Security Experts:

Connect with us

Hi, what are you looking for?

SecurityWeekSecurityWeek

Malware & Threats

Mozilla Patches Two Firefox Vulnerabilities Exploited in Attacks

Mozilla has released updates for its Firefox web browser to patch two critical use-after-free vulnerabilities that have been exploited in attacks.

Mozilla has released updates for its Firefox web browser to patch two critical use-after-free vulnerabilities that have been exploited in attacks.

One of the flaws, tracked as CVE-2020-6819, has been described as a use-after-free caused by a race condition that is triggered in certain conditions when running the nsDocShell destructor. Researchers at Tenable have analyzed the patch and they believe the issue exists “due to the mContentViewer not being released properly.”

The second vulnerability, identified as CVE-2020-6820, has been described as a use-after-free caused by a race condition triggered by the handling of a ReadableStream.

Both flaws have been addressed with the release of Firefox 74.0.1 and Firefox ESR 68.6.1. Sophos’ Paul Ducklin believes the vulnerabilities may have existed since July 2019.

“Given that the bug needed patching in both the latest and the ESR versions, we can assume either that the vulnerability has been in the Firefox codebase at least since version 68 first appeared, which was back in July 2019, or that it was introduced as a side effect of a security fix that came out after version 68.0 showed up,” Ducklin explained.

Mozilla has credited researchers Francisco Alonso and Javier Marcos for reporting the vulnerabilities. Alonso applauded Mozilla for the way it handled their report, but also suggested that other browsers may be impacted as well.

The U.S. Cybersecurity and Infrastructure Security Agency (CISA) has advised users to update Firefox as soon as possible.

This is not the first round of zero-days fixed by Mozilla this year in Firefox. In January, the organization patched a flaw that has been exploited by an APT actor alongside an Internet Explorer zero-day in attacks aimed at China and Japan. The attacks have been attributed by Chinese cybersecurity firm Qihoo 360 to DarkHotel, a threat group linked by some to South Korea.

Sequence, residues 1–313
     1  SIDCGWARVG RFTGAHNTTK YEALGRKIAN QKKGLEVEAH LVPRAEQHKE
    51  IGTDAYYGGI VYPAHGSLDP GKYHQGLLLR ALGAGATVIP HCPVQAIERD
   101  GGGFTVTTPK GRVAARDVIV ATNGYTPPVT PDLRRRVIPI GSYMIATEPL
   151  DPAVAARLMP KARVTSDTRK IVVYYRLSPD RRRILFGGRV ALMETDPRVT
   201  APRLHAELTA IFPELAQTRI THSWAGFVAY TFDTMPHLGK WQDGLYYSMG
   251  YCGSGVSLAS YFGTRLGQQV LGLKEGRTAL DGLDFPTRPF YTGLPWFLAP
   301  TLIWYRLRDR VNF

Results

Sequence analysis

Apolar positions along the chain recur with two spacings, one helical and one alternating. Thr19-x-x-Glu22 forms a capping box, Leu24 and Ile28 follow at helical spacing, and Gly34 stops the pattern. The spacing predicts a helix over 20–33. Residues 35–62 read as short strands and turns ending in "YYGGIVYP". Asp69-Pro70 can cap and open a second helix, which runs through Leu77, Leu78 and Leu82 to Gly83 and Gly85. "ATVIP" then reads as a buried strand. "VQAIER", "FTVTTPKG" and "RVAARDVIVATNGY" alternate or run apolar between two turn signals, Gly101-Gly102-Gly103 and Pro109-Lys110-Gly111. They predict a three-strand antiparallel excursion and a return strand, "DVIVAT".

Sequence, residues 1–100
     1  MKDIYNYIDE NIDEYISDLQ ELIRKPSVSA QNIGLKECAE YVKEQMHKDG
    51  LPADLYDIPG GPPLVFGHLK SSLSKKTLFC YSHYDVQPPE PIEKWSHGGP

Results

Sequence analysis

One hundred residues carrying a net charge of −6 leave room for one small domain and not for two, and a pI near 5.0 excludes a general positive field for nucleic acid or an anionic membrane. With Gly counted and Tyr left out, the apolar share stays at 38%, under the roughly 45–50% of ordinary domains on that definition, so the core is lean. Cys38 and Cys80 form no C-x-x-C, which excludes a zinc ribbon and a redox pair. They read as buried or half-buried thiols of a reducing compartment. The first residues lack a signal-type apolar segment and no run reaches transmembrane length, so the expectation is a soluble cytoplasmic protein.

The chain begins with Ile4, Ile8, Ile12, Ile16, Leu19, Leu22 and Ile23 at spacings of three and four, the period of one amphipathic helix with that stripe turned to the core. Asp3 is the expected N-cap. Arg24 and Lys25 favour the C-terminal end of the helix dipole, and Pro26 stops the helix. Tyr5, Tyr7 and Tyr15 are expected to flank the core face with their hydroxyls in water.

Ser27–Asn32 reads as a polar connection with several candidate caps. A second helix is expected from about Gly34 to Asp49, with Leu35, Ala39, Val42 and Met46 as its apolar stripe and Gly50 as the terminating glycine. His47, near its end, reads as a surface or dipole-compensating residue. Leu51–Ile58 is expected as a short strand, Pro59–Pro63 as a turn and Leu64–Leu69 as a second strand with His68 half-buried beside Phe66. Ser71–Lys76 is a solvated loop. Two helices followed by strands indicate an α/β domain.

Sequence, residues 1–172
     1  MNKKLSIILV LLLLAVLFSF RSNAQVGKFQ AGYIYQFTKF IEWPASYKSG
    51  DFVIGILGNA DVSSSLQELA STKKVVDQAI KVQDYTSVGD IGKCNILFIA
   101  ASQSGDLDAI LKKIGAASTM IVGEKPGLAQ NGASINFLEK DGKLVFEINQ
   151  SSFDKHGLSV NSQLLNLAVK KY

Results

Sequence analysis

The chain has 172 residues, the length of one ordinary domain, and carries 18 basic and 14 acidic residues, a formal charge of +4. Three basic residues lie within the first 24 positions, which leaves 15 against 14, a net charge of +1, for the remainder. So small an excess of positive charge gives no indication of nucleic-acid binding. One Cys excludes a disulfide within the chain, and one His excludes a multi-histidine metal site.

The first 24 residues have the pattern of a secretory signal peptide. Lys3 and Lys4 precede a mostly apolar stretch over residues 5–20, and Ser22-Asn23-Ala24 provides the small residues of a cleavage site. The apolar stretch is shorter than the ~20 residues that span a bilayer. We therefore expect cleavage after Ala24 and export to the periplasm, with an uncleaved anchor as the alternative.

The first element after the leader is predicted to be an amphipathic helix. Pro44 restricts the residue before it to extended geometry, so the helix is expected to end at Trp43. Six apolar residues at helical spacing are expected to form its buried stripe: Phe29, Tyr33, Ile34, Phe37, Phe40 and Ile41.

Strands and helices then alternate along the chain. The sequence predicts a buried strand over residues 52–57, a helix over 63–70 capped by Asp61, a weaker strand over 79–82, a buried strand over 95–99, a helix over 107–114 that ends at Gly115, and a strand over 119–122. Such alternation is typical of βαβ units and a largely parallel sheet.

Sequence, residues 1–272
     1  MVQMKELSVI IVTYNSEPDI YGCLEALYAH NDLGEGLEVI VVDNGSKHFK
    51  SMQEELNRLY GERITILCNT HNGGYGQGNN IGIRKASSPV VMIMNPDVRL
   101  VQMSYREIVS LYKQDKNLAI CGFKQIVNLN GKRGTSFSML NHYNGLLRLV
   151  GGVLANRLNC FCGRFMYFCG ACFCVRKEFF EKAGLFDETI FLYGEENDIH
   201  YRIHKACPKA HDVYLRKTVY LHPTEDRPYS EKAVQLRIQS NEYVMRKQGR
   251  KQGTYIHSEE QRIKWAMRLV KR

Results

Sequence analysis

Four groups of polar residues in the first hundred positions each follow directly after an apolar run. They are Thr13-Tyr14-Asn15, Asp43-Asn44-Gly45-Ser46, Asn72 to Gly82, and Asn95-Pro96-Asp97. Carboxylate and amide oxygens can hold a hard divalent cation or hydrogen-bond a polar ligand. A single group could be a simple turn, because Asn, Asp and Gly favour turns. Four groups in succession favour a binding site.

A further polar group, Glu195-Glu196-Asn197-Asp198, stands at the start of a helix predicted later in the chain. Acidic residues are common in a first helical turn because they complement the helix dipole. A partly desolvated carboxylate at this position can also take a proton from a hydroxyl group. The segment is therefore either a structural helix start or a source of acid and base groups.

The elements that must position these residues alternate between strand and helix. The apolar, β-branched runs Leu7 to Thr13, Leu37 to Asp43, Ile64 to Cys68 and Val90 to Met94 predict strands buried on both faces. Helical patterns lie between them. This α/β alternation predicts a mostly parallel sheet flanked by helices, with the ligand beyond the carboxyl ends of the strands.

Related: Firefox Zero-Day Exploited to Deliver Malware to Cryptocurrency Exchanges

Related: Mozilla Patches Second Firefox Zero-Day Used in Cryptocurrency Attacks

Related: Google Patches Chrome Vulnerability Exploited in the Wild

Written By

Eduard Kovacs (@EduardKovacs) is a contributing editor at SecurityWeek. He worked as a high school IT teacher for two years before starting a career in journalism as Softpedia’s security news reporter. Eduard holds a bachelor’s degree in industrial informatics and a master’s degree in computer techniques applied in electrical engineering.

Click to comment

Daily Briefing Newsletter

Subscribe to the SecurityWeek Email Briefing to stay informed on the latest threats, trends, and technology, along with insightful columns from industry experts.

Expert Insights

Related Content

Malware & Threats

Microsoft plans to improve the protection of Office users by blocking XLL add-ins from the internet.

Cloud Security

VMware vRealize Log Insight vulnerability allows an unauthenticated attacker to take full control of a target system.

IoT Security

Lexmark warns of a remote code execution (RCE) vulnerability impacting over 120 printer models, for which PoC code has been published.

Mobile & Wireless

Apple rolled out iOS 16.3 and macOS Ventura 13.2 to cover serious security vulnerabilities.

Email Security

Microsoft is urging customers to install the latest Exchange Server updates and harden their environments to prevent malicious attacks.

Application Security

Drupal released updates that resolve four vulnerabilities in Drupal core and three plugins.

Mobile & Wireless

Technical details published for an Arm Mali GPU flaw leading to arbitrary kernel code execution and root on Pixel 6.

Vulnerabilities

Less than a week after announcing that it would suspended service indefinitely due to a conflict with an (at the time) unnamed security researcher...